2. From the top of your flowchart, from the moment a customer (internal or external) contacts you to place an order for your product or service, list every box, diamond, and arrow…especially the arrows. Note: 80% of cycle time is in arrows, delays between activities, not in the activities themselves.

3. For each box, diamond, and arrow, estimate the actual time required to complete that part of the process. And don’t buy the first answer you get. I asked the claims group how long it takes to queue up and get a new claim. They said 25 days. Not true! It took about 10 minutes to log the form, 24 days before it reached the reviewer, and 45 minutes to validate the form. 55 minutes, not 25 days. 24 days and 7 hours, the claim was inactive awaiting processing.

4. Now ask yourself, does this box, diamond or arrow add value to the order? Value-added things change, enhance, or improve the sequence. What is not value added? Delay, idle time, inspection, rework, scrap etc.

5. Eliminate procrastination. In the claims example, there was really no reason to wait 24 days to investigate the claim. I recommended that they set a goal of logging in and checking the claim in less than 24 hours. We continued to do this with each major delay in the process to remove a total of 100 days.

6. Eliminate non-value-added work. If the box, diamond, or arrow doesn’t add value, is there a way to reduce its effect or remove it from the flow? Why, I wondered, do they have to check every incoming claim form? Using problem solving the team can identify the most common errors in form filling and redesign it to reduce or eliminate common errors. Then it may not need to be checked or it can be easily handled by a less experienced staff person.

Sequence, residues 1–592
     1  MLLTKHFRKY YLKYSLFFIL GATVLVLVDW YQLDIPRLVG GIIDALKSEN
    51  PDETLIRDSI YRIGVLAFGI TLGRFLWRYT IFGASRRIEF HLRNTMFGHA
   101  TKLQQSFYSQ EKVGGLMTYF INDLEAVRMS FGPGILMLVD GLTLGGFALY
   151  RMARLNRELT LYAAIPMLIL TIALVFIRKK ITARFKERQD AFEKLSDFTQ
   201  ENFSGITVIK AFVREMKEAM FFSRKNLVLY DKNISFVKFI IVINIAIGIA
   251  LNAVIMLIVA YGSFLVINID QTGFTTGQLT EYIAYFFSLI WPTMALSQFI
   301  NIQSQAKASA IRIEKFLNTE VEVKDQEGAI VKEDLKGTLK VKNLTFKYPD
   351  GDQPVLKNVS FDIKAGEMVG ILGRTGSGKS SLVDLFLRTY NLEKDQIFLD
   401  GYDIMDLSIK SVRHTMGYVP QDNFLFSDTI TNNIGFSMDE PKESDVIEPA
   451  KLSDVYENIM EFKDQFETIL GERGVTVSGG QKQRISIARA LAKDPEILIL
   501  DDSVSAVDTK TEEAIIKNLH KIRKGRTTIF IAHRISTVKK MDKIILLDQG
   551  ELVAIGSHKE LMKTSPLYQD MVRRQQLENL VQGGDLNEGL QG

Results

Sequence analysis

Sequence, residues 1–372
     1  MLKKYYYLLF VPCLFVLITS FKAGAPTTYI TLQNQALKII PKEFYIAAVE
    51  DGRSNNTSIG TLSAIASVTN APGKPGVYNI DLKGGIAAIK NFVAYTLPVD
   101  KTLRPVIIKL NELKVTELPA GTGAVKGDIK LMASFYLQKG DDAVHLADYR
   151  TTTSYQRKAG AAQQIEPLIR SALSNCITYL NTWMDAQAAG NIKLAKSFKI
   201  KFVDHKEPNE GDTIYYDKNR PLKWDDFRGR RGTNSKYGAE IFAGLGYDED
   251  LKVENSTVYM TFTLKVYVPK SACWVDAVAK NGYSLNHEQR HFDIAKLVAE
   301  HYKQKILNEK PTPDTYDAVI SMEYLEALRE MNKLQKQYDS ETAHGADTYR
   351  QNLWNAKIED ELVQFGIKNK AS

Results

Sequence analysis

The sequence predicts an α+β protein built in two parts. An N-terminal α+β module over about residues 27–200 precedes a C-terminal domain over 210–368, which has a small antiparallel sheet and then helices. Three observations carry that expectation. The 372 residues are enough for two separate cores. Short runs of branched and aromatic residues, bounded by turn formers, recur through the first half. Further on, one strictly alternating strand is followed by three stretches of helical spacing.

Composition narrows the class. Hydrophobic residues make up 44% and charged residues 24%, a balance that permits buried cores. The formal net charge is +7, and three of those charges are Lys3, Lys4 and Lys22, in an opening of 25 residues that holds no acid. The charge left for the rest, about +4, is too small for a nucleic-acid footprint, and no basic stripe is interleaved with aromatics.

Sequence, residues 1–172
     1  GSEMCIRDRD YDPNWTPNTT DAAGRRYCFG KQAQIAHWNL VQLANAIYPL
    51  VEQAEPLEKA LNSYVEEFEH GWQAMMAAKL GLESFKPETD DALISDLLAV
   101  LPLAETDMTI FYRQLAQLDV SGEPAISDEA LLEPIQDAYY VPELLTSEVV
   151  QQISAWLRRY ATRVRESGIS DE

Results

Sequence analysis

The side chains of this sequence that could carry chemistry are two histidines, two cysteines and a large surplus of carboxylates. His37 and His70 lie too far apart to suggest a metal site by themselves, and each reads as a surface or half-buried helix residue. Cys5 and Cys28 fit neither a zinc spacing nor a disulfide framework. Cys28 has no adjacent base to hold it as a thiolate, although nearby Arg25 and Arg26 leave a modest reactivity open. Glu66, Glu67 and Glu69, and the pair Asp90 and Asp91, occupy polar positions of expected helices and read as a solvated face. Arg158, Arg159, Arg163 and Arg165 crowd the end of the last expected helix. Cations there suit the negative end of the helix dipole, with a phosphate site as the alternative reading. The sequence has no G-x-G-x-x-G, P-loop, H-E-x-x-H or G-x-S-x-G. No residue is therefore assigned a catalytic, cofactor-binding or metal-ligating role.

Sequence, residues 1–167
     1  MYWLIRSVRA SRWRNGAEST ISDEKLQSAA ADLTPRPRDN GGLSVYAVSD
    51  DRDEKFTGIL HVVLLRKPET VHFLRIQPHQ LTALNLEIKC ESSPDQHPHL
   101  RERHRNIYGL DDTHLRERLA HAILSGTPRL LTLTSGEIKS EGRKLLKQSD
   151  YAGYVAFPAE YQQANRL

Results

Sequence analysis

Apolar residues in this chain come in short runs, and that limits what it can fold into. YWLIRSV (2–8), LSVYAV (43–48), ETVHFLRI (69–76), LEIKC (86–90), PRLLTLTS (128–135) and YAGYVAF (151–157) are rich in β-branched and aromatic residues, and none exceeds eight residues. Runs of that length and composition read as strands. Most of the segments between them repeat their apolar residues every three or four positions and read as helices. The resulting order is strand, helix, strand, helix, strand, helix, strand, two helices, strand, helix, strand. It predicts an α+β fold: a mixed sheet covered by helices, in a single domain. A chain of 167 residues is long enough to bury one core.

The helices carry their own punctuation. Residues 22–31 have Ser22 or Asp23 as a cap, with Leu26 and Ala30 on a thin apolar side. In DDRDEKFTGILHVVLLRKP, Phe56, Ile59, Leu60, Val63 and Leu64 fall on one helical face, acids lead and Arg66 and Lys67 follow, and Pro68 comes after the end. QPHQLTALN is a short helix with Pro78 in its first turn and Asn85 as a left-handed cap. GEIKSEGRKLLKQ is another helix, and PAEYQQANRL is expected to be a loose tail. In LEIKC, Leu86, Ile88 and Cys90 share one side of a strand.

7. Create an action plan to transition from the old, slow process to the new, faster process. Start a new process using the incoming order and let the existing order exit the old process.

8. Find a way to “burn the bridge” to the old process. At one company, they removed old personal workstations, forcing everyone to participate in learning to use the new, high-speed workstations.

9. Establish cycle time measures to maintain improvements, perhaps XmR charts for individual orders.

Templates for flowcharts and value-added analysis are available in QI Macro SPC software for Excel. For more help, consider the Lean Simplified book.

If you need help getting a team off the ground or refocusing, consider our consulting services.

Avoid common pitfalls

Pitfall #1: Don’t buy the first answer you get. People often include idle time in their answers.

Solution: Keep trying to determine how much time value-added work actually takes. The remaining time is the delay which can be reduced.

Problem #2: Old habits are hard to break.

Solution: Burn bridges in the old process. Implement new processes in such a way that people cannot revert to their old ones. Want to make your customers happier? More loyal? Less likely to switch suppliers? In today’s high-speed society, they want you to be fast, always fast. Using simple tools of flowcharts and value added analysis, I have never failed to find cycle time reductions of 50-70 and even 90%. And you can too! It’s a bit of a pain, pulling your process apart and disrupting its flow, but you only have to do it once to discover the power in this process.